Camp Creek paired watershed study - Increasing Water Availability through Juniper Control
|Title:||Camp Creek paired watershed study.|
Deboodt, Tim, author.
Fisher, Mike, author.
Oregon Watershed Enhancement Board, issuing body.
|Type of Resource:||text|
|Extent:||1 online resource (4 volumes) : color illustrations, color map|
|Table of Contents:||Summary of Findings -- Increasing Water Availability through Juniper Control -- Graphs and Pictures -- Final Report for 204-301.|
Title from agency website (viewed on May 20, 2019).
"In 1994, the Camp Creek Paired Watershed Study was initiated to provide long term, verifiable data which would be collected systematically to test the hypothesis, "does the removal of western juniper change the hydrologic function of a watershed"? The Camp Creek Paired Watershed Study occurred in two watersheds, Mays and Jenson, which are located side by side. The study area is located about 60 miles southeast of Prineville, Oregon. Each watershed is approximately 260 acres in size. Approximately 20 percent of the total study area is in private ownership with the remainder under the management of the Prineville District, Bureau of Land Management. In October of 2005, following 11 years of monitoring various parameters (vegetation, ground water, spring flow, soil moisture, etc.), all "post-European aged trees", those trees whose approximate age was less than 140 years old, were cut in the Mays watershed. The trees in Jensen were left uncut and thus Jensen became the "control" watershed"--Agency website.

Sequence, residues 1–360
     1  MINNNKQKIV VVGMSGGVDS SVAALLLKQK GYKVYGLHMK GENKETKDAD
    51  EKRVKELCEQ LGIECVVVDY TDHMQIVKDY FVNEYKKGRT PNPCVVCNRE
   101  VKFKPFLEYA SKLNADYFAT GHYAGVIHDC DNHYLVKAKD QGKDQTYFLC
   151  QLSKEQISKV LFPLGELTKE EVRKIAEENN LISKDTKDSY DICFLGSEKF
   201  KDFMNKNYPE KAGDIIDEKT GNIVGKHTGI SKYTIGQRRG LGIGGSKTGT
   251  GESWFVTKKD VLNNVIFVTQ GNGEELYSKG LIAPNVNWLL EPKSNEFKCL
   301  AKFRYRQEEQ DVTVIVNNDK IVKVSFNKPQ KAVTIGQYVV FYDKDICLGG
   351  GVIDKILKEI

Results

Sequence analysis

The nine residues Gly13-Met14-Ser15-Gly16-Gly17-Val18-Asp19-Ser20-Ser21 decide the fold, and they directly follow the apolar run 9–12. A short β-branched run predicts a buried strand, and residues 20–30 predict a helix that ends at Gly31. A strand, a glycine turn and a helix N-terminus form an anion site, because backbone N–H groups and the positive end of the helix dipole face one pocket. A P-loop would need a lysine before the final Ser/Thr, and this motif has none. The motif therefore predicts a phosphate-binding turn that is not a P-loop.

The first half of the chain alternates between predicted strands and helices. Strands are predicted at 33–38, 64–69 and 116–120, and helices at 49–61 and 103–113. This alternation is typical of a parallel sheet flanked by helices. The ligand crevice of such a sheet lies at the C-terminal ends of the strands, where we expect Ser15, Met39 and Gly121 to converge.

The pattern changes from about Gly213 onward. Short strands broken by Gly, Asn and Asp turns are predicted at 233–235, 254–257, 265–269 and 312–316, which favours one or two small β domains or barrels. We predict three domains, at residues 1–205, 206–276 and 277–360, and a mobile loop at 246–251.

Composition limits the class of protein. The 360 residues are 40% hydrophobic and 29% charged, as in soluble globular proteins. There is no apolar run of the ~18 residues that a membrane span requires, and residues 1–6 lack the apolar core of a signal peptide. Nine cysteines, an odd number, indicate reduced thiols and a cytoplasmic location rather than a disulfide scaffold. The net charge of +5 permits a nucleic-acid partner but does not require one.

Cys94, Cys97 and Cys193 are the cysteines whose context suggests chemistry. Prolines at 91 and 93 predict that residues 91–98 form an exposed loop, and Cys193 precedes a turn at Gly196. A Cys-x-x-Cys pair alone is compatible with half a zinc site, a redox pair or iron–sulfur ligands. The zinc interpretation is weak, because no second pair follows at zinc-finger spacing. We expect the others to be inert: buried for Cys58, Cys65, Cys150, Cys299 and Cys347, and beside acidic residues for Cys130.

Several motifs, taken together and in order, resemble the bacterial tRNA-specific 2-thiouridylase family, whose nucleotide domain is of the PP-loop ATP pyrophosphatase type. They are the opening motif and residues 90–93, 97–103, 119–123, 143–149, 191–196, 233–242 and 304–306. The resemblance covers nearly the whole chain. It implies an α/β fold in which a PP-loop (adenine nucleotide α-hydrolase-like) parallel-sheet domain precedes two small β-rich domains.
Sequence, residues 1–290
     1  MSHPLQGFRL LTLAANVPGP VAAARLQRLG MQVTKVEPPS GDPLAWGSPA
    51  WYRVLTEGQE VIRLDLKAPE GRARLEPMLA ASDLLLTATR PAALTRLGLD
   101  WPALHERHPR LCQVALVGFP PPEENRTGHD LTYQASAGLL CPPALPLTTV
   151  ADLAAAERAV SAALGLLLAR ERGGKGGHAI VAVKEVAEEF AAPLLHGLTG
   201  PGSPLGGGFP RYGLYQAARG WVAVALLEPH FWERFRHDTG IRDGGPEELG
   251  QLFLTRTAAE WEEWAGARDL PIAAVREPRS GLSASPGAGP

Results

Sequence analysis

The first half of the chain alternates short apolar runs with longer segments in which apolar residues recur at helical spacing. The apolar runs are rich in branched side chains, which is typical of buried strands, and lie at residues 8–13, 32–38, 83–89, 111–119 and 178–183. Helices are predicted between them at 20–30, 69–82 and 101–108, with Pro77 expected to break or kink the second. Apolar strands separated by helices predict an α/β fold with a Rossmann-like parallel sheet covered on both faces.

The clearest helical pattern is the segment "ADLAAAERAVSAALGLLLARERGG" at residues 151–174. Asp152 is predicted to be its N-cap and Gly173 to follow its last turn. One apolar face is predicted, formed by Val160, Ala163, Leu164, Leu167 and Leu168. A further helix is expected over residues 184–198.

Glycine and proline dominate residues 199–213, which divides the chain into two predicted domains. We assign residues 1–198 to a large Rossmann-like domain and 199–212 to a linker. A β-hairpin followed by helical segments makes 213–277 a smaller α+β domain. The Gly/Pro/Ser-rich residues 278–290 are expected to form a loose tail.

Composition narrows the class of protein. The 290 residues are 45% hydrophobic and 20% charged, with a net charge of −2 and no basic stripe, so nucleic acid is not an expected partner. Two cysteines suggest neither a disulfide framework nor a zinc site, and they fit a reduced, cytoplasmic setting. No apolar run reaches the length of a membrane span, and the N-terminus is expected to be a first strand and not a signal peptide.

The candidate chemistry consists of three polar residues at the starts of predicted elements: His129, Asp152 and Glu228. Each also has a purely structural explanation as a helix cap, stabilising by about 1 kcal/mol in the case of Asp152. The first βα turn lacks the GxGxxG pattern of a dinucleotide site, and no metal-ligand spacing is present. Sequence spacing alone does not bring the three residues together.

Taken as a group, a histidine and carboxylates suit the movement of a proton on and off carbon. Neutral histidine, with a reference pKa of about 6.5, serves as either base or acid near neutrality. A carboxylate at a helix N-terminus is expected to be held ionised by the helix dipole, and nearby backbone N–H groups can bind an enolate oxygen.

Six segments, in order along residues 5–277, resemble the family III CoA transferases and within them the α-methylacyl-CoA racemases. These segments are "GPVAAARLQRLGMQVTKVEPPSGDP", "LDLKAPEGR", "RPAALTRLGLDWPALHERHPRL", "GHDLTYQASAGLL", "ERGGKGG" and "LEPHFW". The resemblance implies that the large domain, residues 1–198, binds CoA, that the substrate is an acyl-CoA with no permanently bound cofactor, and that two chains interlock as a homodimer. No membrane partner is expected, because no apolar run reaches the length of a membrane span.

This archived document is maintained by the State Library of Oregon as part of the Oregon Documents Depository Program. It is for informational purposes and may not be suitable for legal purposes.
Mode of access: Internet from the Oregon Government Publications Collection.
Text in English.
|Restrictions on Access:||http://rightsstatements.org/vocab/CNE/1.0/|